Tag Archives: Pharisee

Saturday in the Fourth Week of Lent

Living Water vs. the Dead Sea

The Dead Sea is not really a sea at all. It is more like a lake, a landlocked lake. It is in a region of little rain. Fresh water cannot run in nor is any water drained out. No form of life can live in it.

Is that the nature of our cherished religious traditions? It was for the Pharisees at the time of Christ’s ministry on the Earth. They were not open to any thinking that did not meet their ironclad criteria.

The Pharisees had sent the temple police to arrest Jesus:

Then the temple police went back to the chief priests and Pharisees, who asked them, “Why did you not arrest him?” The police answered, “Never has anyone spoken like this!” Then the Pharisees replied, “Surely you have not been deceived too, have you? Has any one of the authorities or of the Pharisees believed in him? But this crowd, which does not know the law—they are accursed.” Nicodemus, who had gone to Jesus before, and who was one of them, asked, “Our law does not judge people without first giving them a hearing to find out what they are doing, does it?” They replied, “Surely you are not also from Galilee, are you? Search and you will see that no prophet is to arise from Galilee.”   (John 7:45–52)

If we hold on to the old wine so tightly we will never experience the new wine. We will miss out on the gift of God that brings new life and vitality. Jesus had gone up to Jerusalem with his disciples for the Feast of Tabernacles. Risking his life he spoke these words in the temple:

On the last day of the festival, the great day, while Jesus was standing there, he cried out, “Let anyone who is thirsty come to me, and let the one who believes in me drink. As the scripture has said, ‘Out of the believer’s heart shall flow rivers of living water.’” Now he said this about the Spirit, which believers in him were to receive; for as yet there was no Spirit, because Jesus was not yet glorified.   (John 7:37–39)

Are we ready for living water? It is not a one time occurrence, but water that continually flows. Traditions and doctrines attempt to damn it up or cut it off, but these waters are meant for those who believe in the words of Jesus.

For those who do not believe, this water must be stopped at all cost:

“Let us destroy the tree with its fruit,
let us cut him off from the land of the living,
so that his name will no longer be remembered!”   (Jeremiah 11:19)

Today, Jesus still crie out:

“Let anyone who is thirsty come to me, and let the one who believes in me drink. As the scripture has said, ‘Out of the believer’s heart shall flow rivers of living water.’”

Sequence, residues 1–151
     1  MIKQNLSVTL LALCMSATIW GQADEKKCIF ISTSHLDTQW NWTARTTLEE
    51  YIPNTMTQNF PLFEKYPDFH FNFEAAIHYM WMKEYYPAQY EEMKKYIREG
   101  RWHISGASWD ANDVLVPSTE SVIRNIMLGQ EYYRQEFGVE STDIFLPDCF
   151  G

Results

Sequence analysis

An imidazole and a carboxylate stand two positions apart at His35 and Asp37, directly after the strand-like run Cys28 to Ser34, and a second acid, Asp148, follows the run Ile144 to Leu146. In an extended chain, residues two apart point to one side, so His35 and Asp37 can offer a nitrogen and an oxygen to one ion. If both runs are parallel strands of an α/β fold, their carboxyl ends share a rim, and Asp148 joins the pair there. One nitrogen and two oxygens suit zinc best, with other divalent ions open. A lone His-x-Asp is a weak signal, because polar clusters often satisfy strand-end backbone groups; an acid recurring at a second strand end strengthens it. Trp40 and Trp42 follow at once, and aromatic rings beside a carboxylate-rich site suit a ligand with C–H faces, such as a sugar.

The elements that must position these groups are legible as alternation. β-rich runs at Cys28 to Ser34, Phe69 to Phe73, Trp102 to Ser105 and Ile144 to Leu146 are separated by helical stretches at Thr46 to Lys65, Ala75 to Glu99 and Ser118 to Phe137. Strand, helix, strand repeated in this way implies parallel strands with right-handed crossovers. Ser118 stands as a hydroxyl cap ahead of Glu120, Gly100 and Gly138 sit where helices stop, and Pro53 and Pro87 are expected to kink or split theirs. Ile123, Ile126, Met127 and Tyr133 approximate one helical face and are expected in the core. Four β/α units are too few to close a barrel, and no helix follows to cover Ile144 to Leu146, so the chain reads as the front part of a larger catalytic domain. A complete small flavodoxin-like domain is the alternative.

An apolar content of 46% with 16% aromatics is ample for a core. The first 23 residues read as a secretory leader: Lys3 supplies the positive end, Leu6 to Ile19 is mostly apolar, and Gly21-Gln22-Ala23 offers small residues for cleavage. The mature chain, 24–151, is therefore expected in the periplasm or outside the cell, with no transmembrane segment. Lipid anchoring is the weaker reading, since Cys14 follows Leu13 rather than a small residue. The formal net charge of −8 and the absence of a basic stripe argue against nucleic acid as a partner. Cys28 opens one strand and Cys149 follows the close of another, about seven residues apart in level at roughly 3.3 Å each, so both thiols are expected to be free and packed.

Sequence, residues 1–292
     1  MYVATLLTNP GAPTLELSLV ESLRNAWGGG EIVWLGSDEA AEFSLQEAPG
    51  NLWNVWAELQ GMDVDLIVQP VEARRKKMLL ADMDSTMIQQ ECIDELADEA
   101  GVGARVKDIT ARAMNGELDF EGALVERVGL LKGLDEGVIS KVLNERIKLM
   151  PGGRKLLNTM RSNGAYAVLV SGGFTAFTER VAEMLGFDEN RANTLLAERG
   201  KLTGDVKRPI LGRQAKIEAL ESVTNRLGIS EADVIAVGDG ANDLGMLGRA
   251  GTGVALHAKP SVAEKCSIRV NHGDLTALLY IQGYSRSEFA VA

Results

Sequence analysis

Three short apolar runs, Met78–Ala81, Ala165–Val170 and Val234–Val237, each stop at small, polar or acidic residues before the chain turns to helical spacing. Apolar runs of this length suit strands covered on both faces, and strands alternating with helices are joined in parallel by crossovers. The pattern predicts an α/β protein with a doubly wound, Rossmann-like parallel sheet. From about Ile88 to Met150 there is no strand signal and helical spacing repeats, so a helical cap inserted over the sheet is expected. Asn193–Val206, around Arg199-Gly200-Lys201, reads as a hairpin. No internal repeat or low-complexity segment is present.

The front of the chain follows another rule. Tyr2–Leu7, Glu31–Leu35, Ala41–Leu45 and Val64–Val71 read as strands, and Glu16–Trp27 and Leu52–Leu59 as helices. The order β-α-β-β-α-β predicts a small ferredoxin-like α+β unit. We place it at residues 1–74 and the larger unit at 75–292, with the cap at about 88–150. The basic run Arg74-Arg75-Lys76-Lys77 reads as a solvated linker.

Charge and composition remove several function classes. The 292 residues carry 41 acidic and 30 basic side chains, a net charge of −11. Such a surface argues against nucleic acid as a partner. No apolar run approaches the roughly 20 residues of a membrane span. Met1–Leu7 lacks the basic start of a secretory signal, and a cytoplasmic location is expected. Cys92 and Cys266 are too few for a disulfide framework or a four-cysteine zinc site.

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Saturday in the Third Week of Lent

A Broken and Contrite Heart

How do we approach God? Like the Pharisee?

Jesus told this parable to some who trusted in themselves that they were righteous and regarded others with contempt: “Two men went up to the temple to pray, one a Pharisee and the other a tax collector. The Pharisee, standing by himself, was praying thus, `God, I thank you that I am not like other people: thieves, rogues, adulterers, or even like this tax collector. I fast twice a week; I give a tenth of all my income.’   (Luke 18:9–12)

Or like the tax collector?

But the tax collector, standing far off, would not even look up to heaven, but was beating his breast and saying, `God, be merciful to me, a sinner!’   (Luke 18:13)

King David’s 51st Psalm describes the heart of the penitent:

Had you desired it, I would have offered sacrifice,
but you take no delight in burnt-offerings.

The sacrifice of God is a troubled spirit;
a broken and contrite heart, O God, you will not despise.   (Psalm 51:17-18)

Our giving to God is important, but it does not buy us salvation or even miracles. God is looking for more than our giving and our sacrifices. Through the Prophet Hosea God tells us:

I desire steadfast love and not sacrifice,
the knowledge of God rather than burnt-offerings.   (Hosea 6:6)

Do we love God? If so, our love for him should lead us to repentance. He is a holy God and we are all sinners, including the Pharisees among us.

Jesus finished the parable:

I tell you, this man went down to his home justified rather than the other; for all who exalt themselves will be humbled, but all who humble themselves will be exalted.”   (Luke 18:14)